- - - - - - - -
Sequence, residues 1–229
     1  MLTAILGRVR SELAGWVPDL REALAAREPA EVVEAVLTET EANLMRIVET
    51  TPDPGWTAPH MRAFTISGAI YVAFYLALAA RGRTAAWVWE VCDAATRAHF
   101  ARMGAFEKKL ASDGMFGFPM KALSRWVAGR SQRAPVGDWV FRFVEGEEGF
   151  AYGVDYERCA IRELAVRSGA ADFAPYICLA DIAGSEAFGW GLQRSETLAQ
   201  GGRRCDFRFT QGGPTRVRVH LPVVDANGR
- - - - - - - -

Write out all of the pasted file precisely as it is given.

Sequence, residues 1–229
     1  MLTAILGRVR SELAGWVPDL REALAAREPA EVVEAVLTET EANLMRIVET
    51  TPDPGWTAPH MRAFTISGAI YVAFYLALAA RGRTAAWVWE VCDAATRAHF
   101  ARMGAFEKKL ASDGMFGFPM KALSRWVAGR SQRAPVGDWV FRFVEGEEGF
   151  AYGVDYERCA IRELAVRSGA ADFAPYICLA DIAGSEAFGW GLQRSETLAQ
   201  GGRRCDFRFT QGGPTRVRVH LPVVDANGR